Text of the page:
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A new initiative aims to collect brain tissue for autism research, adding welcome resources to the struggling Autism Tissue Program (ATP), according to an announcement today at the 2013 International Meeting for Autism Research in San Sebastián, Spain.
The project, called Autism BrainNet, has $7.5 million in funds for the first five years, and aims to collect, process, store and distribute postmortem brain samples for autism research. It begins with three sites — Mount Sinai School of Medicine in New York, the University of Texas Southwestern Medical School in Dallas and the University of California, Davis MIND Institute.
The network will also integrate the ATP, a collection funded by the research and advocacy organization Autism Speaks. Last year, a freezer malfunction destroyed one-third of the ATP’s frozen autism samples, housed at the Harvard Brain Tissue Resource Center.
But there are still a significant number of frozen and fixed tissues left in the collection, notes Robert Ring, vice president and head of translational research at Autism Speaks. “One-third of the collection was impacted, but not wiped out,” he says.
Autism researchers have long bemoaned the dearth of postmortem brain samples — and the poor quality of the few that are available. The logistics of getting tissues to a collection site rapidly — not to mention the ethical and emotional considerations involved — all work to limit their availability.
In recent years, the ATP has struggled to increase the number of donations. It’s estimated that fewer than six brains are donated to autism research each year. The new brain bank’s mission will be aided in part by a large outreach effort, led by Alison Singer of the Autism Science Foundation.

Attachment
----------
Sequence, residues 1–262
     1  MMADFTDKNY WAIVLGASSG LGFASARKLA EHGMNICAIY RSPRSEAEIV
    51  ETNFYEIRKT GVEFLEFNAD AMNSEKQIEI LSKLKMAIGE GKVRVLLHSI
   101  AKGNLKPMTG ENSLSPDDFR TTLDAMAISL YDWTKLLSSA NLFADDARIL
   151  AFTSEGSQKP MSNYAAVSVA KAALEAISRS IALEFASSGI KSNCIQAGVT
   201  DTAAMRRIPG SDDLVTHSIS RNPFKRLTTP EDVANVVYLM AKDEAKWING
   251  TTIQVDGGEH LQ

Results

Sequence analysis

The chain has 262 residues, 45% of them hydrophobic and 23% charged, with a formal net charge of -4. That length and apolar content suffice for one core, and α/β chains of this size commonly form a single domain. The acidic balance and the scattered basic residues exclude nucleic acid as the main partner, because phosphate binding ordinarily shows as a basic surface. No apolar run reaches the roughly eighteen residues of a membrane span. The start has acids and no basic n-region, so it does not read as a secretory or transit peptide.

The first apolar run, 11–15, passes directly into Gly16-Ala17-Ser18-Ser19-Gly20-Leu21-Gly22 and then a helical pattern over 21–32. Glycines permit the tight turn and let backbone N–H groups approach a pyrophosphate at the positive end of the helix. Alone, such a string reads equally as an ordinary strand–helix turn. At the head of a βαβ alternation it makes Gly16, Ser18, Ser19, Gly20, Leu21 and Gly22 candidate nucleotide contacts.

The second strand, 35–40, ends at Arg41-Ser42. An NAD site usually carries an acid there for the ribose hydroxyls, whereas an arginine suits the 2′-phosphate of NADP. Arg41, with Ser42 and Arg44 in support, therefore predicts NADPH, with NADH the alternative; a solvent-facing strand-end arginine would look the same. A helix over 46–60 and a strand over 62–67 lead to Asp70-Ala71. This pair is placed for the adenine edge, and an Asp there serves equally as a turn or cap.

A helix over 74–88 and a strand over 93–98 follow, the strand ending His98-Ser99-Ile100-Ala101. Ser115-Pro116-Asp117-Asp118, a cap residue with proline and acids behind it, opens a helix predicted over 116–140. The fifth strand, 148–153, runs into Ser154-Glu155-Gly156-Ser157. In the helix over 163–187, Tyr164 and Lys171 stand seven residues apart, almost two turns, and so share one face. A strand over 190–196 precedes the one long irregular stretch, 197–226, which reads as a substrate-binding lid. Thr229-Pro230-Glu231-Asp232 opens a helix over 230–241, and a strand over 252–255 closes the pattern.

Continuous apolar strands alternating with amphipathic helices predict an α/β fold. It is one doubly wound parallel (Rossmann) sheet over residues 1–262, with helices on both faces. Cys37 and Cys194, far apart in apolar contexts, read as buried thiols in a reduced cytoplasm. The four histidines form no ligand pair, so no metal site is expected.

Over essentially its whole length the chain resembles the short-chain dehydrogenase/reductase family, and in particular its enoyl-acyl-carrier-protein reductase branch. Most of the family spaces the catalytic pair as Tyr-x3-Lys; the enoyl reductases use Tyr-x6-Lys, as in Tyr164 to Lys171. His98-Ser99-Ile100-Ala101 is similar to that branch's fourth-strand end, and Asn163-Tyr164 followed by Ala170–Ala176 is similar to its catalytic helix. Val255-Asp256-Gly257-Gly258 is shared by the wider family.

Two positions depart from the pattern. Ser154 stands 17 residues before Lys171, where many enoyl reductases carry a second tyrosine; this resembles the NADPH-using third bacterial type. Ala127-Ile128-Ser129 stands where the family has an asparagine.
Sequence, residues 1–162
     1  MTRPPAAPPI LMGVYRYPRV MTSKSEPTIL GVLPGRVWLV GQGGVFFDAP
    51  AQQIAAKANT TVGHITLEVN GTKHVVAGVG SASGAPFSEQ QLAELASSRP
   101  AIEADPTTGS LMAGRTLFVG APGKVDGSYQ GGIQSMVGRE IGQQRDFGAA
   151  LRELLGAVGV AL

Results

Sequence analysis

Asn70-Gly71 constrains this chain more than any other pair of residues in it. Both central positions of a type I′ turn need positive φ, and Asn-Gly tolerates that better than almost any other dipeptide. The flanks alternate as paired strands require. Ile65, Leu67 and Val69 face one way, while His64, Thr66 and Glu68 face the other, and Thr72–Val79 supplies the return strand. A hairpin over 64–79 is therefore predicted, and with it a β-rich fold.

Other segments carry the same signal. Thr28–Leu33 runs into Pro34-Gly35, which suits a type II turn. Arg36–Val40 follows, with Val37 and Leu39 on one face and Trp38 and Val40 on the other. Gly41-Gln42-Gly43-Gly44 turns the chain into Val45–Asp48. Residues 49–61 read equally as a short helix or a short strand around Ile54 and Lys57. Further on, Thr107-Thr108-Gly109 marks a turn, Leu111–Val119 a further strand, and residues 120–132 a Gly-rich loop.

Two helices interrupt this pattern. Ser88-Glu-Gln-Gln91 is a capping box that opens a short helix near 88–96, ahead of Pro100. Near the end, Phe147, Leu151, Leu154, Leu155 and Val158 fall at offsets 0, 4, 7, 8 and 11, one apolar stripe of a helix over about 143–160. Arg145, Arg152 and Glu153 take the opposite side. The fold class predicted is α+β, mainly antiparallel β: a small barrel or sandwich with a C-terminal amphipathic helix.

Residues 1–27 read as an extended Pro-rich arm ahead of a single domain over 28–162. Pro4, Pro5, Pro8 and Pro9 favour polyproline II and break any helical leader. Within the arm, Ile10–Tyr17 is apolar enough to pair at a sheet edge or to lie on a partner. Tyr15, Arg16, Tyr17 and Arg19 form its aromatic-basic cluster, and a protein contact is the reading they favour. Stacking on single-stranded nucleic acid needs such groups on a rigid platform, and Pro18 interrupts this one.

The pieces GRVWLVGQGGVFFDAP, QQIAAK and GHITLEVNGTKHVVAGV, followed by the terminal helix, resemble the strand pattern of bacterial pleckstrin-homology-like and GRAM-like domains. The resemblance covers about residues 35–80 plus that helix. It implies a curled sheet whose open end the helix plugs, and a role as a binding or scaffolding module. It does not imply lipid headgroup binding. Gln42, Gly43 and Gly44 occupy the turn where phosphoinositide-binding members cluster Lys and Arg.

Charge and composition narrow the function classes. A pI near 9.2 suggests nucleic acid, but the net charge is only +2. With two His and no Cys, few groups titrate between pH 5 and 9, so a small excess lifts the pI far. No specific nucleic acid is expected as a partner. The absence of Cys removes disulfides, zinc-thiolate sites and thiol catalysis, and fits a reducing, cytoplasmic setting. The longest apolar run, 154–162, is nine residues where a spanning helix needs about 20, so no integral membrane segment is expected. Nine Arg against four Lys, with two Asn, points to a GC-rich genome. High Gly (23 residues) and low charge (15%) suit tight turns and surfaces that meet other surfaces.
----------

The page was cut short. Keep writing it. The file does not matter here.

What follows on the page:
The goal is to collect brains not just from those with autism but from people with related disorders, from their unaffected siblings and parents, and also from typically developing individuals.
Autism Speaks is donating $2.5 million to the new network, which will be led by David Amaral, director of research at the MIND Institute. The Simons Foundation, SFARI.org’s parent organization, is providing the rest. The project is expected to be operational by the end of the year.
The brain bank has been in the works for years. The two organizations submitted a proposal to the National Institutes of Health (NIH) in 2010, and are still hopeful of its support.
The ultimate goal is to have collection sites across the U.S. and abroad, says Ring. “We are going to need additional resources to do that,” he says. “One seat we’d like to see [filled] is by the NIH.”
For more reports from the 2013 International Meeting for Autism Research, please click here.